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Wellness Center renovation on hold

Aerial view of future plans for expansion of the Wellness Center.  Courtesy of the Patti and Allan Herbert Wellness Center

Aerial view of future plans for expansion of the Wellness Center. Courtesy of the Patti and Allan Herbert Wellness Center

A vision still awaiting fruition, the Patti and Allan Herbert Wellness Center has yet to begin its expansion.

Due to the economy’s downturn and the university’s current financial situation, President Donna E. Shalala issued a building moratorium last year.

Construction was halted indefinitely on projects university-wide, including the Wellness Center expansion and the new Student Activity Center among others.

“Once senior administration gives us the green light, we will proceed ‘full speed ahead,’ ” said Alan Rose, the assistant director of facilities at the Wellness Center.

It is unknown how long students must wait before the expansion will begin.

Nevertheless, students anticipate the exciting features to come, from brand new Pilates reformer machines to a state-of-the-art studio cycling room.

“Wellness is a very important aspect to living a healthy life,” sophomore Meaghan Gaynor said. “UM is always looking into the future.”

The $6 million renovation is slated to take a total of twelve months to complete, and will add a total of 20,000 square feet to the Wellness Center. The decision to expand was prompted by heavy use of the center.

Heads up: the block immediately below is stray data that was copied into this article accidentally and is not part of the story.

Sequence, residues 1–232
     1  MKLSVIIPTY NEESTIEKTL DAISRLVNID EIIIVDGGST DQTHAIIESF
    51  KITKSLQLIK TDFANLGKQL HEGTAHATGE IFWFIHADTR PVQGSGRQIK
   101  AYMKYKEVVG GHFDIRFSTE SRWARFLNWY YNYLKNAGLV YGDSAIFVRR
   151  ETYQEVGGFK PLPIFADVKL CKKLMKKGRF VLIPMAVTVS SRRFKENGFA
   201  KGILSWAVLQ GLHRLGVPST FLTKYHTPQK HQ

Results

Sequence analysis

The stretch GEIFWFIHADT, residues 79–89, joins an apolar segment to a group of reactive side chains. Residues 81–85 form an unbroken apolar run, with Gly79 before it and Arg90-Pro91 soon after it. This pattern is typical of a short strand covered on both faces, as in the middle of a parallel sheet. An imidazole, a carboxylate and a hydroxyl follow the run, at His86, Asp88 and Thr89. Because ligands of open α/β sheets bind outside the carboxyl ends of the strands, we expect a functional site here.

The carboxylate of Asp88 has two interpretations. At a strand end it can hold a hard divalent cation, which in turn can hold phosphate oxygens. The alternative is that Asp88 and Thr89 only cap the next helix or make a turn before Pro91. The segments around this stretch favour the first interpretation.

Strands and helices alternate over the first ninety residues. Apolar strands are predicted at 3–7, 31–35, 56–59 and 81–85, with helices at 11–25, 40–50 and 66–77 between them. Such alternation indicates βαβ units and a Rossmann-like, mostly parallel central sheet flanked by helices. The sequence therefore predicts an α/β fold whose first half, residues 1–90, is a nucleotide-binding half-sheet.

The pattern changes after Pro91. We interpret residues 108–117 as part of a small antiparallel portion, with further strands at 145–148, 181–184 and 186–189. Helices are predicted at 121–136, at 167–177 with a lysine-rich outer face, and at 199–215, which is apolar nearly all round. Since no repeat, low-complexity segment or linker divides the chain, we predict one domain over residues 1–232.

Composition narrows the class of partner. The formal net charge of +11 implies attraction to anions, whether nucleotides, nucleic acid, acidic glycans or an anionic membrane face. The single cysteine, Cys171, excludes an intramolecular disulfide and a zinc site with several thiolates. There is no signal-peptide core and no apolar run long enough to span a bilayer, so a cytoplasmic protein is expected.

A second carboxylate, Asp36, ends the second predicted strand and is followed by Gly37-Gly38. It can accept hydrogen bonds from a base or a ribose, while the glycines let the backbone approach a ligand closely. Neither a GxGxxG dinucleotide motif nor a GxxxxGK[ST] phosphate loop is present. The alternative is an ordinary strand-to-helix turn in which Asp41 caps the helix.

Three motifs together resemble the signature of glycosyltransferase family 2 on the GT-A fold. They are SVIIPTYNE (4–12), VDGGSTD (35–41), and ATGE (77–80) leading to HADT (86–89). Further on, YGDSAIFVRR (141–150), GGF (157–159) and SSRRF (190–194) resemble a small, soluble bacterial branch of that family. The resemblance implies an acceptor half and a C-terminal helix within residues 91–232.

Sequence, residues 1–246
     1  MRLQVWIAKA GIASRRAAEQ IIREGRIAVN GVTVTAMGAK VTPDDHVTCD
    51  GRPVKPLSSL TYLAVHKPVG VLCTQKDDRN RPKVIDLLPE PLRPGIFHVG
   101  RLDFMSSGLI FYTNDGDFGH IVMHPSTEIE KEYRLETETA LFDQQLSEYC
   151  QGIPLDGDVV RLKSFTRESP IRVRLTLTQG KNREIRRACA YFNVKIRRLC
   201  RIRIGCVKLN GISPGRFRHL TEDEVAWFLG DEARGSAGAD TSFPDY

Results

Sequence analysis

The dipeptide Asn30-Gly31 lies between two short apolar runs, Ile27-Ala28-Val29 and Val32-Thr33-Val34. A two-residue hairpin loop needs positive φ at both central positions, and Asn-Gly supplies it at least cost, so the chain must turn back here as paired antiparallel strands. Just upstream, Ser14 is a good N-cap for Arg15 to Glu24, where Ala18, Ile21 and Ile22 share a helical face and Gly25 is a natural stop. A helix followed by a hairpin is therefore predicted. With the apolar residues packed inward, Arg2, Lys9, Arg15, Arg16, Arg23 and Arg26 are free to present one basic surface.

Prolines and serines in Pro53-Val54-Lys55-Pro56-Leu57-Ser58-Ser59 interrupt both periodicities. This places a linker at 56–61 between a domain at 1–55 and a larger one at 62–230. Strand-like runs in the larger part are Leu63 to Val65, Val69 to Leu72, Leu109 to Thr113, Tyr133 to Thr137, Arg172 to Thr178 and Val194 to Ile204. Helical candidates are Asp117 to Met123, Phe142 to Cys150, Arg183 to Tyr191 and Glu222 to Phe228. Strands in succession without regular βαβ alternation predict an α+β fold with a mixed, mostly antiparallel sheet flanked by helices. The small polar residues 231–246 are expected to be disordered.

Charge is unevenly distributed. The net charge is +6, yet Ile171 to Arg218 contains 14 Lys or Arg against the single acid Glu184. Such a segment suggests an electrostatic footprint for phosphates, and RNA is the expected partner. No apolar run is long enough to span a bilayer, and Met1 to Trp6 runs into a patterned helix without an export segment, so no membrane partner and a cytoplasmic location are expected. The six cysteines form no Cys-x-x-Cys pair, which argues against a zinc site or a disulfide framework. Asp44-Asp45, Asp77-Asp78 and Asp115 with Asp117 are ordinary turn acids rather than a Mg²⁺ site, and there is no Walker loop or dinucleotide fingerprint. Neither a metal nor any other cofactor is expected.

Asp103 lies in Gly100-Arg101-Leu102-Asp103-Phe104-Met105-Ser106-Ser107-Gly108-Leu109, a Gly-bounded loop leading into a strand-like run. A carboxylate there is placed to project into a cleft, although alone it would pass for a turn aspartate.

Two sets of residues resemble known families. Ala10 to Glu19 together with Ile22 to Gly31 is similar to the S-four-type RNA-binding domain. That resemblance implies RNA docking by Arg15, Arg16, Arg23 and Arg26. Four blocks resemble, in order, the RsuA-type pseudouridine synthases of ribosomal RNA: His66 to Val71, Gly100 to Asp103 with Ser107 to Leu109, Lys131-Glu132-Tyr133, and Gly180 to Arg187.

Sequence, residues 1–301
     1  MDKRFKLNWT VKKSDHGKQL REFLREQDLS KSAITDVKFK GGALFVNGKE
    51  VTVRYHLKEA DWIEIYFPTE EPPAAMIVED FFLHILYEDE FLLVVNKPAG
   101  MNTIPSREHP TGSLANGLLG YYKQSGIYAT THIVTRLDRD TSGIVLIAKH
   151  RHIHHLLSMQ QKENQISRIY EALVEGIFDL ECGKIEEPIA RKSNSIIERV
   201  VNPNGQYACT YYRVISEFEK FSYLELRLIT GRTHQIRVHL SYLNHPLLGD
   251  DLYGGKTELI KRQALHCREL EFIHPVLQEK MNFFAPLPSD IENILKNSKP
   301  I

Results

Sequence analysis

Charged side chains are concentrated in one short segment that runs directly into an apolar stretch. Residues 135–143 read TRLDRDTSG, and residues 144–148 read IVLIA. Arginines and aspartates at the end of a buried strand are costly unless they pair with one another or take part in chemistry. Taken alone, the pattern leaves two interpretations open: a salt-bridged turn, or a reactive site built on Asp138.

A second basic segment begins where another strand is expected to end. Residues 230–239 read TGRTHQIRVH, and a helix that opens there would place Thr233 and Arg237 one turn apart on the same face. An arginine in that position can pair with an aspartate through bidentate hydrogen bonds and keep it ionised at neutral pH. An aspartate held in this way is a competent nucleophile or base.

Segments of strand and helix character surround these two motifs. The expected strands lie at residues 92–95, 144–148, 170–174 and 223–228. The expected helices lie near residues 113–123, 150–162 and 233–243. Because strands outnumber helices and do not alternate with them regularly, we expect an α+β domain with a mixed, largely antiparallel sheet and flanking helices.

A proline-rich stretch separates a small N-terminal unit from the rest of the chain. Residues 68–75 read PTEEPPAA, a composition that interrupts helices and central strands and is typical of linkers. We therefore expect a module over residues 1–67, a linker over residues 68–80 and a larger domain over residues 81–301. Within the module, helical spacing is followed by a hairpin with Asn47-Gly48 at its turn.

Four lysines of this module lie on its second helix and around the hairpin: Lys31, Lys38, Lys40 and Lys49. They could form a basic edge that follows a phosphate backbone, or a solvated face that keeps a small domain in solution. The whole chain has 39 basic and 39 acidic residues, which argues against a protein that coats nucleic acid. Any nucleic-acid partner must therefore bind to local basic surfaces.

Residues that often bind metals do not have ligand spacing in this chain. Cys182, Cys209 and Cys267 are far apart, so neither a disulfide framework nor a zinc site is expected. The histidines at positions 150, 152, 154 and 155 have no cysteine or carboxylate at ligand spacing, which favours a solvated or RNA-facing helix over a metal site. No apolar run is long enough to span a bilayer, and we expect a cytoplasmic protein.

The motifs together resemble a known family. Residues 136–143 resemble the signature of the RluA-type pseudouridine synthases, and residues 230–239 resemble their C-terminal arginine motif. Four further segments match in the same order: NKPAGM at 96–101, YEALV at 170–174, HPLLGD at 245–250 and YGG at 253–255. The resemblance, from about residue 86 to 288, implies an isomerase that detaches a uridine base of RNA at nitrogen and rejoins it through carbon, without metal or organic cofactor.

The project will include the creation of new spaces and renovations to existing spaces. The area currently occupied by the outdoor courtyard will become the new addition to the Wellness Center.

The workout area on the first floor will also be extended in this addition.

“We will increase the number of machines by about 30 percent and will have more space between each machine,” said Norm Parsons, director of the Wellness Center. “We hope to gain 7,000 square feet [in the workout room].”

On the second floor, students will find a new Pilates studio, two multipurpose rooms and a cycling studio complete with South Beach-worthy sound and lights systems.

“It’s cool that [the university]is putting more money into the Wellness Center,” sophomore Katie Ondrasik said. “More people will want to spend time there.”

When the construction begins, students will see changes in the setup of the Wellness Center, but will not be negatively affected by the construction.

“We will relocate all the workout equipment to the gymnasium, “ Parsons said. “Students will walk outside around the perimeter of the building to get into this area and will still be able to use about 95 percent of the workout equipment.”

The outdoor basketball courts will be used as a staging area during construction, though they will be available to students once the project is completed.

All other areas of the center, like the pool and juice bar, will not be affected and will remain open.

At this time, there are no further plans to renovate other parts of the building. Although construction on the Wellness Center will not begin for quite some time, the entire university community looks forward to the project’s commencement.

“We are excited and anxious to get started, as is President Shalala,” Parsons said. “We are also very grateful to the Herberts for helping us with this cause.”

October 21, 2009

Reporters

Danielle Kaslow

Senior EDGE Writer


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